Questions of Cash – August 2015

Q. I flew with Iberia from Gatwick to Almeria in April.  My luggage was lost at Madrid Barajas airport. It was delivered next day, but my suitcase was badly damaged. I was given a form to complete, together with details of where to send it.  An Iberia official, on the phone, instructed me to purchase a new suitcase, with a maximum price of €150.  I purchased a replacement in Almeria for €89 and sent the receipt and my address as instructed. More than three months later, I still have not received the refund despite making several phone calls, emails and faxes at a cost of £15.90.  I was promised the refund within two weeks.  GH, London.

A. Iberia sent the payment to you on 26 May – but to the wrong address.  It promises to send a replacement as soon as it can officially confirm the cheque has not been presented.  We have requested the payment is speeded-up and that you are sent a new cheque as a matter of urgency.

Q. I was unnecessarily charged €50 by easyJet for my hand luggage on a flight from Barcelona to Gatwick.  I was compelled to pay for a bag slightly larger than allowed by easyJet to take inside the cabin. It was instead transferred into the hold of the plane. My other bag which met the hand luggage dimensions and contained my medication was also sent to the hold of the plane. EasyJet’s staff said they were running out of time for departure and they totally ignored my plea to be allowed to retrieve my medication from the bag. I want easyJet to make me a full refund. AC, London.

A. It is important for passengers to compare the dimensions of their hand luggage with that permitted by the airline before packing.  You do not dispute easyJet’s assertion that your bag was in excess of its stipulated size limit – which is 56 x 45 x 25cm.  It is therefore not surprising that easyJet still refuses to repay the charge that was apparently correctly levied.  EasyJet also reasserts its position that where flights are full it may need to put some hand luggage into the hold.  However, it is clearly wrong if easyJet’s or the airport’s staff prevented you from taking your medication from your bag.  A spokeswoman for easyJet responded: “We apologise if [the reader] felt he was unable to retrieve his medication from his bag. It is our policy to always allow passengers to carry onboard any medication they need.”  EasyJet also apologises for its failure to respond to your initial correspondence to the airline.

Q. I have a business contract with 3 mobile for one mobile phone and two mobile wifi devices.  We use the wifi devices when working from home as we are in a rural area where the BT provision is very poor. All worked well for a couple of years until the start of June.  Since then, there has been a transmitter problem that makes any form of data transfer, principally with the modems but also with the phone, virtually impossible.  I have contacted 3 repeatedly by phone, Facebook and Twitter.  Call centre staff and supervisors all promise that the access problem is being investigated and will be resolved, but refuse to give an indication as to when, or to provide an explanation of the problem.  When I asked for compensation, 3 said it will refund the line rental on the two modems and half of that on the phone for the period of the fault once it is resolved – but this takes no account of the disruption to our business.  Also the 50 per cent contribution to the phone rental is meaningless as most of the contract’s value is in the data connectivity.  DO, Scotland.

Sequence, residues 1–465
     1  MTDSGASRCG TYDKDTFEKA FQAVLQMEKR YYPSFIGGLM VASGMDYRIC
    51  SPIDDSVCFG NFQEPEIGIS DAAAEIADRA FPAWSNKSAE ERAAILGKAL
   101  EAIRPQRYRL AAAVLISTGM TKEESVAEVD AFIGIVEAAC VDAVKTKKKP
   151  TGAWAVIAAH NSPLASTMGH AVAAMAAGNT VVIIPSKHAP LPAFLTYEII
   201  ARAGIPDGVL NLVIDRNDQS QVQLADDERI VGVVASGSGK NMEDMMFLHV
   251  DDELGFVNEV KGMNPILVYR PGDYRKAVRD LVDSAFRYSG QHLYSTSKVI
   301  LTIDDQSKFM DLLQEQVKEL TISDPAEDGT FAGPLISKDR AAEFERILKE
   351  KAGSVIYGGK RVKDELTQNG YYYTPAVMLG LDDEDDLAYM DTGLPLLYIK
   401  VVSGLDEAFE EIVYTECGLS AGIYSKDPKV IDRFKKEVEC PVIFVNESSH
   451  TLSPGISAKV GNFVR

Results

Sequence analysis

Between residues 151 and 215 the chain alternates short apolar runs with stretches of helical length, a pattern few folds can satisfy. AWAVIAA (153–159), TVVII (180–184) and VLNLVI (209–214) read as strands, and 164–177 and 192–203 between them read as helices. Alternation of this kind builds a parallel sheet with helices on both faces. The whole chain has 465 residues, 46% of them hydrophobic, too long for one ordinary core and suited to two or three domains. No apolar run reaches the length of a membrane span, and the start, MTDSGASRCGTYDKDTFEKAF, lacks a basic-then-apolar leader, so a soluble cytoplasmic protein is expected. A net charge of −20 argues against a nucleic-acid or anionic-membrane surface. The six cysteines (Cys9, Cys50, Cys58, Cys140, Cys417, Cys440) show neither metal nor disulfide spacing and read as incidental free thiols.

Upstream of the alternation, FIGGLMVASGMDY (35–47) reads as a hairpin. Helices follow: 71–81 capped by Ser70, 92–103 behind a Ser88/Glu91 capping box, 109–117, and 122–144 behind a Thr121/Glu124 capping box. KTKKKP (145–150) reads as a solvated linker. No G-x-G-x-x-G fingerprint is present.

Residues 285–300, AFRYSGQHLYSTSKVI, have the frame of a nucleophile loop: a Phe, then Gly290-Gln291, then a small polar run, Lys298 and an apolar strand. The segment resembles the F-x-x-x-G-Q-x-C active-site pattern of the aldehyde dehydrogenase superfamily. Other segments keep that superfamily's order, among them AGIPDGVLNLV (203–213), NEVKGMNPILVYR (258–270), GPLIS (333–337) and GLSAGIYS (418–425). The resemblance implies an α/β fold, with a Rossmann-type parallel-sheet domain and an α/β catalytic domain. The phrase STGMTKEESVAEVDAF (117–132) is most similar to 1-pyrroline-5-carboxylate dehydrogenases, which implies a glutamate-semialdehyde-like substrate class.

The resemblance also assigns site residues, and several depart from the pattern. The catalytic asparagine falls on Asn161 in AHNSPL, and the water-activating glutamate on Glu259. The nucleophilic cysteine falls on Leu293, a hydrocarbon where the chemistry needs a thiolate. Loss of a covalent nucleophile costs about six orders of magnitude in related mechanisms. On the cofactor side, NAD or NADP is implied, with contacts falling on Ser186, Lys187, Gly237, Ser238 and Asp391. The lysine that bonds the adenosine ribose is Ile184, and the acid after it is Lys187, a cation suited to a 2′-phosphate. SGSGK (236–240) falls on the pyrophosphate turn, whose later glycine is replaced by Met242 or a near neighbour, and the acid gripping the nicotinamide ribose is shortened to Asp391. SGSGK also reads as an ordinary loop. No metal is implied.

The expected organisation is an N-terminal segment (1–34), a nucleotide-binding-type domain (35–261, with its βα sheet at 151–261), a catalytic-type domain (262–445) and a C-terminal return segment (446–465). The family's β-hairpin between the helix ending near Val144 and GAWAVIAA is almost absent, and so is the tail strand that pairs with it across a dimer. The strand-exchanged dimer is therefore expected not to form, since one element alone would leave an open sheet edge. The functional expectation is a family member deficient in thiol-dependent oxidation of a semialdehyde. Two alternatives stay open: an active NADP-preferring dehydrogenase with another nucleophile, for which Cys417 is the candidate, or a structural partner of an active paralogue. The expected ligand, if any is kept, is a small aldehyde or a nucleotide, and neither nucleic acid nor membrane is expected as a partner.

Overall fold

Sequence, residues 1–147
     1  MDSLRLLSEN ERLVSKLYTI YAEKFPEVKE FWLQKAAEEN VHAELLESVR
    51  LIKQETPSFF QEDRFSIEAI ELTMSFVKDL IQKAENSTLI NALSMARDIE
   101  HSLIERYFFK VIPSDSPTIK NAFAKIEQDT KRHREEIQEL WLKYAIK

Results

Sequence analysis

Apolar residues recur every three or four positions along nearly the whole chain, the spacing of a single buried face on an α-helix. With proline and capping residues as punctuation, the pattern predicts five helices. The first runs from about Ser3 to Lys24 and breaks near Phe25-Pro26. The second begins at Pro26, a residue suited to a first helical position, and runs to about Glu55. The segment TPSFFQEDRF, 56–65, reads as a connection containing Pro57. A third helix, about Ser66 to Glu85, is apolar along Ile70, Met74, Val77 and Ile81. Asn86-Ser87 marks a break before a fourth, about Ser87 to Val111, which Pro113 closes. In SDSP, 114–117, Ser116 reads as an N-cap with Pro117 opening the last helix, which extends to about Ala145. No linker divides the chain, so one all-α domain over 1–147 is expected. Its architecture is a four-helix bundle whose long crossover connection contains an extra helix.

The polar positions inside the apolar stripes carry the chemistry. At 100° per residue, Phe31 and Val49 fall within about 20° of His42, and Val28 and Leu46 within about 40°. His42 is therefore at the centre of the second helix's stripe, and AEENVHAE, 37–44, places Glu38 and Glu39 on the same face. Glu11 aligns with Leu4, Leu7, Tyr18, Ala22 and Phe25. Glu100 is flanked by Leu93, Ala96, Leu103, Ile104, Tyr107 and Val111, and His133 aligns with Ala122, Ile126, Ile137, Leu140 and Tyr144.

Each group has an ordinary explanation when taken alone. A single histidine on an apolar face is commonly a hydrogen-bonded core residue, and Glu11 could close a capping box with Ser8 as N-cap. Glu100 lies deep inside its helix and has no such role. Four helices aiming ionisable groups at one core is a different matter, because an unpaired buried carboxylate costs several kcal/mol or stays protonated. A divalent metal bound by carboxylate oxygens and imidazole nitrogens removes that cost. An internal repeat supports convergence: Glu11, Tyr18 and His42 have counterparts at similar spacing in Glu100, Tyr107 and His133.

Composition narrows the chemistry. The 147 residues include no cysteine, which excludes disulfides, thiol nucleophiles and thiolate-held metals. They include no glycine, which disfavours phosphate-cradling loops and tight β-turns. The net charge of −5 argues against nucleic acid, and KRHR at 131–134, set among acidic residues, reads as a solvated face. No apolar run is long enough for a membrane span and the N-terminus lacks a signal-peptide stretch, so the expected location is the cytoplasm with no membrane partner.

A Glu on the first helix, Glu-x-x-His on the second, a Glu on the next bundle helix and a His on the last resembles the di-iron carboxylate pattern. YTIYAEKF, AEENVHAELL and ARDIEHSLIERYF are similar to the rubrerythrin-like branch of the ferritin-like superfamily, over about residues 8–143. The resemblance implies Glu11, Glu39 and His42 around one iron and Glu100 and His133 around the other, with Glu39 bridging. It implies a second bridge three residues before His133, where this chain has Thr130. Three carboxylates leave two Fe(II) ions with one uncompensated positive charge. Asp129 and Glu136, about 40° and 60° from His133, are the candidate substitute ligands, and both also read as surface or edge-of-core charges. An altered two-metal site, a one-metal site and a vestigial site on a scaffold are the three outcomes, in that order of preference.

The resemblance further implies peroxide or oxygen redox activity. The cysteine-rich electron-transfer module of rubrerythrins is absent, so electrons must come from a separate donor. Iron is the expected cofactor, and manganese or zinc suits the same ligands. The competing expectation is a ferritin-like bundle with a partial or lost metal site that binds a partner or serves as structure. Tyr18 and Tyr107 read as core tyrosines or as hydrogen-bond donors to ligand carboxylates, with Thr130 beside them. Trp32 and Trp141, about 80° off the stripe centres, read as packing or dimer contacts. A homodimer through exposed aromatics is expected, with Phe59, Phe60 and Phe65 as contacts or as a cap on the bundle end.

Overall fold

A. 3 tells us “the customer was satisfied with the resolution that was discussed”, but has failed to provide details of how the problems were resolved.  You tell us that 3 has now given you a full explanation for the access problems, which were, you say, caused by 3 having difficulty in accessing a mast site.  You add that 3 told you that it had attempted repeatedly to resolve the problem, but has had serious difficulty with this.  You say “They have refunded the line rental for June and, I understand, July.  Given their explanation of cause of the fault, I am happy to accept this despite the damage to business that has occurred.  I understand that I won’t be charged line rental for the three devices while the transmitter problem continues.”

Q. I purchased a Carlton Airblade 3.5 Badminton racquet for my son from Sports Direct.  He used it for the first time the next day and the strings broke after just ten minutes of normal playing.  I returned it to the store the day after and I was told “we don’t guarantee the strings”. I explained that I was exercising my rights as a purchaser under the Sale of Goods Act, which says that the goods must be as described, of satisfactory quality and fit for purpose.  The store supervisor was not interested and continued to refuse to take any action. IB, Cheshire.

A. Sports Direct’s spokesman responds: “Unfortunately the manufacturer stipulation is that no strings on any racquets can be guaranteed. Our customer service team have offered to have the racquet inspected by an area manager to check for any manufacturing fault. The customer was asked to return the racquet to the store at their convenience, where they would be provided with a receipt and contacted once the inspection was completed, however we are yet to receive a response from the customer on how they wish to proceed.”  We suggest you take the racquet to the store as suggested. However, as the racquet cost just £8 you may have decided it is not worth the bother.

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